For organizations that do much of their work through virtual meetings, simply making a record or taking notes is not enough to capture everything that is said. Some build their own meeting integrations to capture data, but that is time consuming and costly. Recall.ai helps with a unified API that currently works with Zoom, Google Meet, and Microsoft Team, and can be used to build apps that (among other use cases) automatically populate CRMs or ask customer representatives during support calls. The San Francisco-based startup announced today that it has raised $2.7 million in seed funding.
Round participants include Y Combinator, Cathexis Ventures, Pioneer Fund, Rebel Fund, Bungalow Capital, SV Tech Ventures and Starling Ventures. Support also came from individual investors such as Sentry CTO David Cramer, Doppler CEO Brian Vallelunga, Grain CEO Mike Adams, BloomTech CEO Austen Allred and Runway co-founder Siqi Chen.
Recall.ai’s unified API can access meeting data including real-time video and audio, who the meeting participants are, when they spoke and joined/left the meeting, and when screen sharing started and stopped. The company is currently in a private beta and the API is used by approximately 50 companies across a wide range of industries, including sales, customer support, recruiting, user research, translation, education, and healthcare.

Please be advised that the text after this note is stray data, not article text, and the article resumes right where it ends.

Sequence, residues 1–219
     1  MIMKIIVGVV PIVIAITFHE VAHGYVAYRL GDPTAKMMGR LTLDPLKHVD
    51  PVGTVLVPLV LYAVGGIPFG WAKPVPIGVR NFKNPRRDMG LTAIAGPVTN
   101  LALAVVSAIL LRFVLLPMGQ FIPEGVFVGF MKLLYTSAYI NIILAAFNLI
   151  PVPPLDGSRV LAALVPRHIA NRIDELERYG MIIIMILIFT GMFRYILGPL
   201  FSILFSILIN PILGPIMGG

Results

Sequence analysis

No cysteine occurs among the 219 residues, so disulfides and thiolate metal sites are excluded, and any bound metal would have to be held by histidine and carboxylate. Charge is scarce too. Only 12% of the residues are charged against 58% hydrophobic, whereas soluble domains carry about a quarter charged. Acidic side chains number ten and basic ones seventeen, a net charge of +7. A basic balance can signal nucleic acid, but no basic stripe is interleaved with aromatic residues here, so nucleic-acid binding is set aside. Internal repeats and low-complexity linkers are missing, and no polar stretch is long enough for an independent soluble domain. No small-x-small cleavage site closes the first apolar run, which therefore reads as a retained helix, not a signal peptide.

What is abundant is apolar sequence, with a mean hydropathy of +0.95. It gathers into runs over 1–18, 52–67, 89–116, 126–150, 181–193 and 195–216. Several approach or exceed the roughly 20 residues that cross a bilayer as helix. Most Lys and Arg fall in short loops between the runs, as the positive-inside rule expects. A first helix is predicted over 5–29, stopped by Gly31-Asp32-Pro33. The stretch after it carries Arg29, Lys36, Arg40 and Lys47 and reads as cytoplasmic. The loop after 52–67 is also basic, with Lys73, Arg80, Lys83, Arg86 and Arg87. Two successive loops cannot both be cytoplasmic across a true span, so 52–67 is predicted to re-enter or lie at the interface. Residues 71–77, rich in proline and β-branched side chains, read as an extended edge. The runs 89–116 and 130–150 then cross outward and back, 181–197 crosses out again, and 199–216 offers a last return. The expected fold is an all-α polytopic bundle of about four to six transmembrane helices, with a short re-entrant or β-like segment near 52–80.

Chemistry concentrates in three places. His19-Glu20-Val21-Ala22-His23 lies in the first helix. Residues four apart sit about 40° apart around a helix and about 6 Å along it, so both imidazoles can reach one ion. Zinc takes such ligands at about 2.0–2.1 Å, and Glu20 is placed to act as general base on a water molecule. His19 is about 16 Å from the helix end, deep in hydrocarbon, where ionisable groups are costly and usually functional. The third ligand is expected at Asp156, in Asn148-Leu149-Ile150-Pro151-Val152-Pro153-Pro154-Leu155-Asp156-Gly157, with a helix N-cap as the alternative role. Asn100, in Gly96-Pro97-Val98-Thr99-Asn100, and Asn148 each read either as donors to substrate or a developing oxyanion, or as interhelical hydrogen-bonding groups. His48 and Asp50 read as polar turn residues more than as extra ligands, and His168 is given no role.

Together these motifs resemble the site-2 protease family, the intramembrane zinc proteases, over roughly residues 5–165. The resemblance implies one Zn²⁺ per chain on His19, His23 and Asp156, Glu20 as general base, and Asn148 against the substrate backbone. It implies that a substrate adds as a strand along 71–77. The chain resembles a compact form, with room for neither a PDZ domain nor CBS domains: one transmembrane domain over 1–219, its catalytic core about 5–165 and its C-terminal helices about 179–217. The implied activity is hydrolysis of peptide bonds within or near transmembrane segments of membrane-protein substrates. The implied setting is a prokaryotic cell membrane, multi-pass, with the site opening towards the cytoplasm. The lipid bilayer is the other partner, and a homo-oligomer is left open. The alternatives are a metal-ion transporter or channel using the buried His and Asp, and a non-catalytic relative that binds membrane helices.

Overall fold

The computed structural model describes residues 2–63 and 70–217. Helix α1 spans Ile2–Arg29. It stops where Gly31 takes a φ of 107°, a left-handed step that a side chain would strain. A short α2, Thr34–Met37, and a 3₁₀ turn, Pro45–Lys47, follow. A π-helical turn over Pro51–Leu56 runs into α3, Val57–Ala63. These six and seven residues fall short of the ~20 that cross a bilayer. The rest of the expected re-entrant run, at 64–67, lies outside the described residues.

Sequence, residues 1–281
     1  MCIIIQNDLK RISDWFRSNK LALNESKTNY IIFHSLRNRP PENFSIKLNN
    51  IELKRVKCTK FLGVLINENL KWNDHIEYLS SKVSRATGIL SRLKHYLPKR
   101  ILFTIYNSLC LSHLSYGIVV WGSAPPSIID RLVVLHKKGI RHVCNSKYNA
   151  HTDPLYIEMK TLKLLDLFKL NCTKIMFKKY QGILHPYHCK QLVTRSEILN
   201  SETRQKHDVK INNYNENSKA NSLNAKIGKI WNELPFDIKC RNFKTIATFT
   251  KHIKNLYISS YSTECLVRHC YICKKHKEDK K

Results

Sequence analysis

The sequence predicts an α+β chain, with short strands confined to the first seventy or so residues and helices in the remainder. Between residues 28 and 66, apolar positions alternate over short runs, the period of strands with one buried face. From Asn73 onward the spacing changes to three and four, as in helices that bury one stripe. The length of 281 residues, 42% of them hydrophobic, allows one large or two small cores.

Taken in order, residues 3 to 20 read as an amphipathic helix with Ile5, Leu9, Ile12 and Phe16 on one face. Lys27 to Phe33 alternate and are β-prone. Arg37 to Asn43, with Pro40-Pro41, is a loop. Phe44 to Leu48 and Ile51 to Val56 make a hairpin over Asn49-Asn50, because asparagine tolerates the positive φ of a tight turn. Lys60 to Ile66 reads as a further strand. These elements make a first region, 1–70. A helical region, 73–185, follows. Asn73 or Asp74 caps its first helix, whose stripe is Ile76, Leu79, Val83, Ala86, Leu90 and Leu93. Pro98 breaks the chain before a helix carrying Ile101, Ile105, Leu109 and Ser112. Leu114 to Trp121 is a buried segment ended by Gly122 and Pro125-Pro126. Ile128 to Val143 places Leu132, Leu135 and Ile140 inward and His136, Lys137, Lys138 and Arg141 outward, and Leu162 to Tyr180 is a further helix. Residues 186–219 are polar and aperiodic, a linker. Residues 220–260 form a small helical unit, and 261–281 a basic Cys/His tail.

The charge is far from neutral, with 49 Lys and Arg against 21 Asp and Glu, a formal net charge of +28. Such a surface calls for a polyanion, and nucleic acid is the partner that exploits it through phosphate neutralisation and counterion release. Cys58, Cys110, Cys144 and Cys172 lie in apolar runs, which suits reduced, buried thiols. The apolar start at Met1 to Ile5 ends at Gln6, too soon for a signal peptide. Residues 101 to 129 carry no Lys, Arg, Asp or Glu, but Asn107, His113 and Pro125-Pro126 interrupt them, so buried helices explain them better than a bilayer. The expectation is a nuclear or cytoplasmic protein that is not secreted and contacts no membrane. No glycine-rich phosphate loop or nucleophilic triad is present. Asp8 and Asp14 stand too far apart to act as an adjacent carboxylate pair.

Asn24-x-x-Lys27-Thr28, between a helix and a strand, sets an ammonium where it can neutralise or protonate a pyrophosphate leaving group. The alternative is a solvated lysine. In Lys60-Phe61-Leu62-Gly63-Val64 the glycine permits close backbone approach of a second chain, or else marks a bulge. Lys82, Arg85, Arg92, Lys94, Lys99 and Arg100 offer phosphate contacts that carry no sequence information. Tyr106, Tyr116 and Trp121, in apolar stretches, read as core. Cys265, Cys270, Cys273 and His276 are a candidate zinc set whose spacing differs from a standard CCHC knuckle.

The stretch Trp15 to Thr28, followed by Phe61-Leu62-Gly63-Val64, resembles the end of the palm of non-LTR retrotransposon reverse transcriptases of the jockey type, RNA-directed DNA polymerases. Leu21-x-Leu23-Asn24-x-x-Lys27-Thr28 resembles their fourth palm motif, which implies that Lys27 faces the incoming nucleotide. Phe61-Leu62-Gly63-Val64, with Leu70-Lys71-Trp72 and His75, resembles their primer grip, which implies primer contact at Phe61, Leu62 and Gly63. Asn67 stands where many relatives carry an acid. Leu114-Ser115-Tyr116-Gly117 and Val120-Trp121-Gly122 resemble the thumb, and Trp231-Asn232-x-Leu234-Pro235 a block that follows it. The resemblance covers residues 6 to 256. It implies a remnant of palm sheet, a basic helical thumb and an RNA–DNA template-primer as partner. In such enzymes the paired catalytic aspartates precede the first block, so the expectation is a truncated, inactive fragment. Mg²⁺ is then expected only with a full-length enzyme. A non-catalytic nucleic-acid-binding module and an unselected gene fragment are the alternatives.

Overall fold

Before Recall.ai launched, co-founders David Gu and Amanda Zhu worked on a research tool that produced real-time transcripts of meeting recordings. Gu told australiabusinessblog.com that much of his team’s technical time was spent building and maintaining meeting integrations, which led them to realize that other companies looking to work with meeting data faced the same challenge.
The main problem that Recall.ai solves is accessing raw video and audio data from video conferencing platforms. Gu said it takes companies about a year to build infrastructure and integrations on their own. But that’s not their only challenge: companies must also host the infrastructure for processing, which can involve hundreds to thousands of servers. This is labor intensive, because engineering teams have to monitor and scale everything. Recall.ai’s API not only makes it faster to build meeting integrations, but also means companies can abstract infrastructure.
A few examples of how Recall.ai’s clients use its platform is one that takes and transcribes audio streams from Zoom, then translates them to produce real-time translations. Another is using Recall.ai to capture video and audio streams of sales meetings to automatically populate CRM software.
Recall.ai is currently monetizing and making money by charging customers per minute of audio and video processed through its platform. Expansion plans include adding more video conferencing and phone system integrations.